If you Google “mountain biking in Colorado”, Glenwood Springs does not appear on the list of popular destinations.  Those destinations include Fruita, Crested Butte, Gunnison, Salida, Winter Park, Telluride and more . . . but not Glenwood.

There is a group that is trying to change that; Roaring Fork Mountain Bike Association (RFMBA), which is a chapter of the International Mountain Biking Association (IMBA). Active since about 2008 this group plans, executes and maintains mountain biking trails throughout the Roaring Fork Valley.

Ken Keister - Red Mtn Trail

Photo courtesy of Ken Keister, Red Mountain Trail

Supporters tout the economic benefits of becoming a mountain biking destination. And one probably only needs to look to Moab or Fruita to see that mountain biking is indeed a popular sport and seems to be growing.  As a matter of fact, Glenwood Springs High School now has a mountain biking team of at least 20-30 enthusiastic young people. Several coworkers are mountain bike enthusiasts and I enjoy riding, albeit vicariously, with them through their GoPro cameras.

Last Wednesday, April 29, I attended an open house at the Glenwood Springs Community Center sponsored by RFMBA to explain their current plans for the Red Mountain/Jeanne Golay trail upgrades. The improvements on this trail seem reasonable.  It would run nearly parallel to the existing road that traverses Red Mountain to the cross. The plan, if I understand it correctly, would keep the trail at about a 5-7 percent grade and improve some fall-line trail where some erosion is taking place.  My biggest concern is parking in this area although the City owns the right-of-way that is currently being used for parking. An additional concern, with increased usage will be proper toilet facilities.  My guess is that these are not new to the RFMBA and they may have thought them through.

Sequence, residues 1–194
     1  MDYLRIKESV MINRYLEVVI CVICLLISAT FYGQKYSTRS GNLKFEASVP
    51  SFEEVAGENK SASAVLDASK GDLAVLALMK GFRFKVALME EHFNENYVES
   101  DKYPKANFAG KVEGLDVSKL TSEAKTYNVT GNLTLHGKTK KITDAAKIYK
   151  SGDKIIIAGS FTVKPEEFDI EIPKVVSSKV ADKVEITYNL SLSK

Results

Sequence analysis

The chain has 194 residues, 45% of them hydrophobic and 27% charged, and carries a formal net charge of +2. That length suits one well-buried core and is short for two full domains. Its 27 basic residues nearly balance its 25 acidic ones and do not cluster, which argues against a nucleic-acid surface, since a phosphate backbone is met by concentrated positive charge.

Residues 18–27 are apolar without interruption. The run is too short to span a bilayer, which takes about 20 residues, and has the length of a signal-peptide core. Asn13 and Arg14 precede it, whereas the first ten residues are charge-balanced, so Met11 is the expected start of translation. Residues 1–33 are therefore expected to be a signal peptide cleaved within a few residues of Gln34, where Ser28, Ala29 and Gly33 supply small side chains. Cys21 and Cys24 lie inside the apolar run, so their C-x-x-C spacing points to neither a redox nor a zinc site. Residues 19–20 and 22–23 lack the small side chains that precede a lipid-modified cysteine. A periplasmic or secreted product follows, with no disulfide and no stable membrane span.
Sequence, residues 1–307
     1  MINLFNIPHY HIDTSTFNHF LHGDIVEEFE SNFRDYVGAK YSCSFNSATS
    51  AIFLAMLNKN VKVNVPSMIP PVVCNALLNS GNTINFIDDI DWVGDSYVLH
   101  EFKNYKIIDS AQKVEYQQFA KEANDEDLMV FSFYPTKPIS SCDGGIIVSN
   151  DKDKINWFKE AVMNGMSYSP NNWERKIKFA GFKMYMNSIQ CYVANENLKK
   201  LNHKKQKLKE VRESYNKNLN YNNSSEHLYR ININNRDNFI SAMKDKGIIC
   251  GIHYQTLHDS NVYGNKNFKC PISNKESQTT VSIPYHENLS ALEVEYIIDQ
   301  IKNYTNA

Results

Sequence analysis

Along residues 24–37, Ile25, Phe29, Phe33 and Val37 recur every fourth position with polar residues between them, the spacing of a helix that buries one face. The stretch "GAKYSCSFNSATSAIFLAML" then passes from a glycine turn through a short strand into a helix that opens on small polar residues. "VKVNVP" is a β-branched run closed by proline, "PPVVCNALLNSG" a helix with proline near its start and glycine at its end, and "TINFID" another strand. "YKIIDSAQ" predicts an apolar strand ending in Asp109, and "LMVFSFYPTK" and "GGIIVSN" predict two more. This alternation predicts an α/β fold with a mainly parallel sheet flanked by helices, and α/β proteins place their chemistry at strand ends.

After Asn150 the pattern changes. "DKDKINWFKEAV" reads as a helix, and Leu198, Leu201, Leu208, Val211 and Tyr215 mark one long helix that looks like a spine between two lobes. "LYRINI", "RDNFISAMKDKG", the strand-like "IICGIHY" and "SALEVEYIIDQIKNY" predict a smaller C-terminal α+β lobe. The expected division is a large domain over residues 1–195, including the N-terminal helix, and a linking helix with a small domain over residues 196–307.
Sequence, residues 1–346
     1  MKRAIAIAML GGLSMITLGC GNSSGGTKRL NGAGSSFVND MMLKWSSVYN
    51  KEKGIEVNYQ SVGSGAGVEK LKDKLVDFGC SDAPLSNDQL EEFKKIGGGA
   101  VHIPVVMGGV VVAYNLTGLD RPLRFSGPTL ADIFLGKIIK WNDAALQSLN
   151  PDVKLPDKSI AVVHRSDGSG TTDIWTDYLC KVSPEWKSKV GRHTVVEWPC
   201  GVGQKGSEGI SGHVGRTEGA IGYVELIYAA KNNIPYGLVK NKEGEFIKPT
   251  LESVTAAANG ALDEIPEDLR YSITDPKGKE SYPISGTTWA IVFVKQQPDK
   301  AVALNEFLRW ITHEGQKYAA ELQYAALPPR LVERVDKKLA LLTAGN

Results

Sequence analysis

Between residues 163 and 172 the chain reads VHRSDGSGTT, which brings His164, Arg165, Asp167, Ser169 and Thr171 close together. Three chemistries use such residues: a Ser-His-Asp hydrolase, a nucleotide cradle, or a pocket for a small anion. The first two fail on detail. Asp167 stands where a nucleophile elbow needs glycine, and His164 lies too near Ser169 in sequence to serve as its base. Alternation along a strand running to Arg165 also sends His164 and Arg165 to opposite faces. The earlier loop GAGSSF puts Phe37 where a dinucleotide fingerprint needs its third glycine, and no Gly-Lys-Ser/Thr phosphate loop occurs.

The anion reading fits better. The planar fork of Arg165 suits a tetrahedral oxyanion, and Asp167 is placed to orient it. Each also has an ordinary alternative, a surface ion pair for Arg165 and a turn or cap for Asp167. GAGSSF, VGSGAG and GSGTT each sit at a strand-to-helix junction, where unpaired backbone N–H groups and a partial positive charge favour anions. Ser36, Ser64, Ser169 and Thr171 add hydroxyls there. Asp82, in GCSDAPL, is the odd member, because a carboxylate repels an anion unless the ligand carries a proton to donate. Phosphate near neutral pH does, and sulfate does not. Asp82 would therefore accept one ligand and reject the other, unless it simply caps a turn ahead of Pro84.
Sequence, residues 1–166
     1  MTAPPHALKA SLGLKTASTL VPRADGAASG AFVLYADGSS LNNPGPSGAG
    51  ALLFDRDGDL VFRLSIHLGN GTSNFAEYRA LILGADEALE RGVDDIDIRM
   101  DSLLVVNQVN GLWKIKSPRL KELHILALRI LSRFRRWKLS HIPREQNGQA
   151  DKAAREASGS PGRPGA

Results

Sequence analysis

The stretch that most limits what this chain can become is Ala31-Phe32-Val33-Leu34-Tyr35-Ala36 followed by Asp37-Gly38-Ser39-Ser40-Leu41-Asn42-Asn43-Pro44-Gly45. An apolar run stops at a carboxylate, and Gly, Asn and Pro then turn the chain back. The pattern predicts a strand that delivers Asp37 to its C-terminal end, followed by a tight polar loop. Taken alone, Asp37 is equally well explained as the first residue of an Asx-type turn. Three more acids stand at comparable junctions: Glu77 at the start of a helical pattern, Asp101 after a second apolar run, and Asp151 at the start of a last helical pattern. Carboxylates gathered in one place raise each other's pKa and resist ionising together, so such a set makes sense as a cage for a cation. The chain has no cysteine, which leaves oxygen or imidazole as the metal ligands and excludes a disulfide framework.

South Canyon Trail Proposal

Propose South Canyon Trail